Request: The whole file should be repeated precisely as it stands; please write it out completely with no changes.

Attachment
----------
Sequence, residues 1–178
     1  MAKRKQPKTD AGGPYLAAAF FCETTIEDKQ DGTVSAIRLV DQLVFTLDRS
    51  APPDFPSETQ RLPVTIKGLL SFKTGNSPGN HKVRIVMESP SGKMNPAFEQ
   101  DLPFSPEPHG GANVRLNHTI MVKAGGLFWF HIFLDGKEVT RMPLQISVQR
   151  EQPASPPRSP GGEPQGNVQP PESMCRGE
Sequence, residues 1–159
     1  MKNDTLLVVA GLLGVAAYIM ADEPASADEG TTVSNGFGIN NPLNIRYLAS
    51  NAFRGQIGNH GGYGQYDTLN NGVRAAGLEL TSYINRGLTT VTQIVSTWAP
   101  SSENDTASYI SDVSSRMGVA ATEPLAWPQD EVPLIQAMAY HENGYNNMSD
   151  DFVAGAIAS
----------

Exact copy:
Sequence, residues 1–178
     1  MAKRKQPKTD AGGPYLAAAF FCETTIEDKQ DGTVSAIRLV DQLVFTLDRS
    51  APPDFPSETQ RLPVTIKGLL SFKTGNSPGN HKVRIVMESP SGKMNPAFEQ
   101  DLPFSPEPHG GANVRLNHTI MVKAGGLFWF HIFLDGKEVT RMPLQISVQR
   151  EQPASPPRSP GGEPQGNVQP PESMCRGE
Sequence, residues 1–159
     1  MKNDTLLVVA GLLGVAAYIM ADEPASADEG TTVSNGFGIN NPLNIRYLAS
    51  NAFRGQIGNH GGYGQYDTLN NGVRAAGLEL TSYINRGLTT VTQIVSTWAP
   101  SSENDTASYI SDVSSRMGVA ATEPLAWPQD EVPLIQAMAY HENGYNNMSD
   151  DFVAGAIAS